The helicopter's mai
Probable Cause: An in-flight overtorque of the engine-to-transmission driveshaft resulting in disconnection of the main transmission from the engine. The overtorque likely occurred due to an in-flight main rotor blade contact with snow-covered terrain, precluding significant main rotor blade damage and ground scarring. Contributing to the severity of the surviving occupant's injuries was the helicopter operator's failure to properly monitor their satellite flight-following system and to immediately institute a search once the system reported that the helicopter was overdue.


FAA register: 2. FAA:


photo: NTSB

photo: NTSB

Revision history:

22-Apr-2008 10:37 Fusko Added
05-Mar-2010 10:38 harro Updated [Time, Aircraft type, Nature, Source, Narrative]
05-Mar-2010 10:38 harro Updated [[Time, Aircraft type, Nature, Source, Narrative]]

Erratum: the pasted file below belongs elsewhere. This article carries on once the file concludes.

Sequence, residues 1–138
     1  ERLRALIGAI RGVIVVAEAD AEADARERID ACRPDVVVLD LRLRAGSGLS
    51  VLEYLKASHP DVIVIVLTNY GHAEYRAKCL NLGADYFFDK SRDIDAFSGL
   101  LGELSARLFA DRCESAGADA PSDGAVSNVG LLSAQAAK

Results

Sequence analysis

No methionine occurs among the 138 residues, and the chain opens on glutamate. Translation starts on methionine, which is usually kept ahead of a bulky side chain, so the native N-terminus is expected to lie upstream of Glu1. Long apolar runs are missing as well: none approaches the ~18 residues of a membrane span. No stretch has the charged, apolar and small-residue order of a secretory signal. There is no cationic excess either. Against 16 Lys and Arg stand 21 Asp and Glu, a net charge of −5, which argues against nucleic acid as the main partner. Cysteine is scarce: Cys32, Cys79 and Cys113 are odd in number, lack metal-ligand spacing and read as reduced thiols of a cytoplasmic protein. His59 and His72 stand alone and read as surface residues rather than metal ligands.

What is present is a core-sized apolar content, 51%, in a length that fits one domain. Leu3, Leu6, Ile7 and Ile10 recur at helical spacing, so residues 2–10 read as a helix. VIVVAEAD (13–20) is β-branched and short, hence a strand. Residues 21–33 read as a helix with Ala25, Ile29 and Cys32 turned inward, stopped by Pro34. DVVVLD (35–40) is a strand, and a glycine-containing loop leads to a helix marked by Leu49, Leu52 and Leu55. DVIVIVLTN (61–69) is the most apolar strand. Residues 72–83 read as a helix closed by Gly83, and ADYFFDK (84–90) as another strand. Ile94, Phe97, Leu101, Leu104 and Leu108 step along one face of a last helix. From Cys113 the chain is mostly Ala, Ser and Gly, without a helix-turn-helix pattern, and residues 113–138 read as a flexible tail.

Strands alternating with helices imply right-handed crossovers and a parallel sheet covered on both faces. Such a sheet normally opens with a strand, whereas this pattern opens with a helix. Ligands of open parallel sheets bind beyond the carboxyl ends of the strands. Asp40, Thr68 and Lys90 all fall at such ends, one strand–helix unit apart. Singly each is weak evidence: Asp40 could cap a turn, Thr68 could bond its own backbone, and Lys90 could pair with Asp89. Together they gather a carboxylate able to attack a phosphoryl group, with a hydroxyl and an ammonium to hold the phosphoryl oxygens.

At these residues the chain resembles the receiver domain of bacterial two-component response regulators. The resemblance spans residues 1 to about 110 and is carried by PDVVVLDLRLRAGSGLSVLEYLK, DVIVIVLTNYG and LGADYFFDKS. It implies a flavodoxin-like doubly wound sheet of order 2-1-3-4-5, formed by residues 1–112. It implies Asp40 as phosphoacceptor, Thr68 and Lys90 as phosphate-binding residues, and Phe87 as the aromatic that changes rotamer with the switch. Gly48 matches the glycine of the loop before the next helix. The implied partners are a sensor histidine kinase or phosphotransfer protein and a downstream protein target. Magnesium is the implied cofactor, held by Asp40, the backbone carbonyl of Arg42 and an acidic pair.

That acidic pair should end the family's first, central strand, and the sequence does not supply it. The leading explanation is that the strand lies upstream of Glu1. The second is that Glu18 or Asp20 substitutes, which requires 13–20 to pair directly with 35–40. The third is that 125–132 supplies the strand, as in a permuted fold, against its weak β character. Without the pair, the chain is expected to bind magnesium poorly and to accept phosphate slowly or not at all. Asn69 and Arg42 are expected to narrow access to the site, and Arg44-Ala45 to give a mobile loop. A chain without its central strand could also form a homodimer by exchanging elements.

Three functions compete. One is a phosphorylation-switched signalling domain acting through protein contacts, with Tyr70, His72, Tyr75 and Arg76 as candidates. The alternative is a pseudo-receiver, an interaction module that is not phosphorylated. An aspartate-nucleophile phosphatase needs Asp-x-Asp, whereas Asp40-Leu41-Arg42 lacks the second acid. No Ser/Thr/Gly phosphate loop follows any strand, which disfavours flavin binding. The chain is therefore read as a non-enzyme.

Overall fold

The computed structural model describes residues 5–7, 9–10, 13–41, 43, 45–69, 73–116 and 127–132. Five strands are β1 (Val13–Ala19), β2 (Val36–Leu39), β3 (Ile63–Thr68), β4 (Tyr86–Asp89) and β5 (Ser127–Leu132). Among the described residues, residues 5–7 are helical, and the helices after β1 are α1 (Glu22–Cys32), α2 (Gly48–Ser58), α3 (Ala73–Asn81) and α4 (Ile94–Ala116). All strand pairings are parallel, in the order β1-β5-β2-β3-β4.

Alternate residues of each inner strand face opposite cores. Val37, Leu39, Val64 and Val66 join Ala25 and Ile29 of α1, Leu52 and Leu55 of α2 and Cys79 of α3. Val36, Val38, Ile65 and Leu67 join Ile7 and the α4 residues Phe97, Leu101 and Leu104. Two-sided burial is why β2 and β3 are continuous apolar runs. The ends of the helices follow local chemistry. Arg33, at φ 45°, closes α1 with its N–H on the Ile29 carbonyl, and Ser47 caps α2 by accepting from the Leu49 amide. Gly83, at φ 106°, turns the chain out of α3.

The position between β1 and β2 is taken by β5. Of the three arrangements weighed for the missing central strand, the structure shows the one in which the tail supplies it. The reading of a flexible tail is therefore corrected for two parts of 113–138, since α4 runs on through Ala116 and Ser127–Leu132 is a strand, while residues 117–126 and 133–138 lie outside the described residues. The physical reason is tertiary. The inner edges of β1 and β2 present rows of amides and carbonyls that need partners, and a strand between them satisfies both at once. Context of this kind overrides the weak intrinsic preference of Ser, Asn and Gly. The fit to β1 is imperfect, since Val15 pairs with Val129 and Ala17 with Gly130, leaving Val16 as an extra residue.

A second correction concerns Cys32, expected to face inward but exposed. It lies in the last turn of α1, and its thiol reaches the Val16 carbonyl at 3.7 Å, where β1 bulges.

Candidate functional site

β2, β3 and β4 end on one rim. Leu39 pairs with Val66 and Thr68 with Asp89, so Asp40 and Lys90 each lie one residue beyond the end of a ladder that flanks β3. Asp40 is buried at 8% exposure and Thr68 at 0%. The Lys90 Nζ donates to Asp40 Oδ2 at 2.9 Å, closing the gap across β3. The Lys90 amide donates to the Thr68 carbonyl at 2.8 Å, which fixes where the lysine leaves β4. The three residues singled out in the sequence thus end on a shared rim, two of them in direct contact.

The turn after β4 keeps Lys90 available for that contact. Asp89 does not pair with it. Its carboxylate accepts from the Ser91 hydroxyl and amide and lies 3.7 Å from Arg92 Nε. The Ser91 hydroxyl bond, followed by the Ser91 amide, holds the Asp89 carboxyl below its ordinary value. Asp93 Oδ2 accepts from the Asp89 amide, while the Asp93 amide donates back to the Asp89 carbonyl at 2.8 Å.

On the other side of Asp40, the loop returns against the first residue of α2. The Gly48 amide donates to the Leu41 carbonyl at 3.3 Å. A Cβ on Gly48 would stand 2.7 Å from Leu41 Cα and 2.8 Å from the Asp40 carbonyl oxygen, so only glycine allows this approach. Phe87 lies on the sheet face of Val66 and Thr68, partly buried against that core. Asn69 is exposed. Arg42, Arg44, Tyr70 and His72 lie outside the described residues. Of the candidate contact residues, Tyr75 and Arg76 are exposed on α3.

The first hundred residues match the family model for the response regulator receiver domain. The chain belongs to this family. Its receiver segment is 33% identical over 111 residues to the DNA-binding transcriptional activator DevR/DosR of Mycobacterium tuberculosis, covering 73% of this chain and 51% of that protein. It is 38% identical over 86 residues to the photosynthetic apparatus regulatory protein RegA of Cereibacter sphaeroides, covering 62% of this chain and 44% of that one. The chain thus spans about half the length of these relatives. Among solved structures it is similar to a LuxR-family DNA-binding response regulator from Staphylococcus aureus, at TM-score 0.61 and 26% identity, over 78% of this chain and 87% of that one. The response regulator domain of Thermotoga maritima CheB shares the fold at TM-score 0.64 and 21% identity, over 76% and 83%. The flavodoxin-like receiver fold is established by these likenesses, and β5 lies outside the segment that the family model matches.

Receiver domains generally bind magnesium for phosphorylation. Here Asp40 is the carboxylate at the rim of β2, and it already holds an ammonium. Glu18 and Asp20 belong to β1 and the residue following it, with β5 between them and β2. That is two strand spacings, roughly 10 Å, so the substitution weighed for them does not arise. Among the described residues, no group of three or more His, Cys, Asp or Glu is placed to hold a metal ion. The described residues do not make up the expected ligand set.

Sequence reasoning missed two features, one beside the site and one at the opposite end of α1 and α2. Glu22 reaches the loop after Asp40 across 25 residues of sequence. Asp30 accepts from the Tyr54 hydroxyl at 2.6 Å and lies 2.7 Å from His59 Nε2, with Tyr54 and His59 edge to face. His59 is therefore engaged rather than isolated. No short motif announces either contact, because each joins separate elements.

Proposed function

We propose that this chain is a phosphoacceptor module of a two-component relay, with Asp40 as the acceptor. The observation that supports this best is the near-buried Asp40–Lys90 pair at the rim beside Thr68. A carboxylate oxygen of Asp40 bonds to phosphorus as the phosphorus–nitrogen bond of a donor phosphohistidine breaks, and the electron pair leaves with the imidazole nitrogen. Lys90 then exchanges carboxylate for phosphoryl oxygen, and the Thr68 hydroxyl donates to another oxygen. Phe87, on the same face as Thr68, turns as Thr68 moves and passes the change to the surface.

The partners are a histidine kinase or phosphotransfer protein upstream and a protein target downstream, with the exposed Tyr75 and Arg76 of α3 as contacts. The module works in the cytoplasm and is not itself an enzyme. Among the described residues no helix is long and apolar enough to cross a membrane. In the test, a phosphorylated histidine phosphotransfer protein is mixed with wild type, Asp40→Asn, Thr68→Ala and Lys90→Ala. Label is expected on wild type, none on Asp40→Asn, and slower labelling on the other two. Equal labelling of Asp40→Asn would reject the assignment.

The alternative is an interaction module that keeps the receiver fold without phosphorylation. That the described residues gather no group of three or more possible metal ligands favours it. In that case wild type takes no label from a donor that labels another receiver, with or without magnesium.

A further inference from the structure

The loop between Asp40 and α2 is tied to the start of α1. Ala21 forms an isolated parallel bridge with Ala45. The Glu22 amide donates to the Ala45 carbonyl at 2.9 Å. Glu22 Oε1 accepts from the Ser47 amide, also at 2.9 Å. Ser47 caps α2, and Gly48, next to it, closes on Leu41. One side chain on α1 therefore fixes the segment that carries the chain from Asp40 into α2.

18-Jul-2014 17:43 Dr. John Smith Updated [Time, Location, Departure airport, Destination airport, Source, Narrative]
08-Sep-2014 19:48 Aerossurance Updated [Source, Narrative]
21-Dec-2016 19:14 ASN Update Bot Updated [Time, Damage, Category, Investigating agency]
21-Dec-2016 19:16 ASN Update Bot Updated [Time, Damage, Category, Investigating agency]
21-Dec-2016 19:20 ASN Update Bot Updated [Time, Damage, Category, Investigating agency]
03-Dec-2017 10:45 ASN Update Bot Updated [Operator, Other fatalities, Departure airport, Destination airport, Source, Narrative]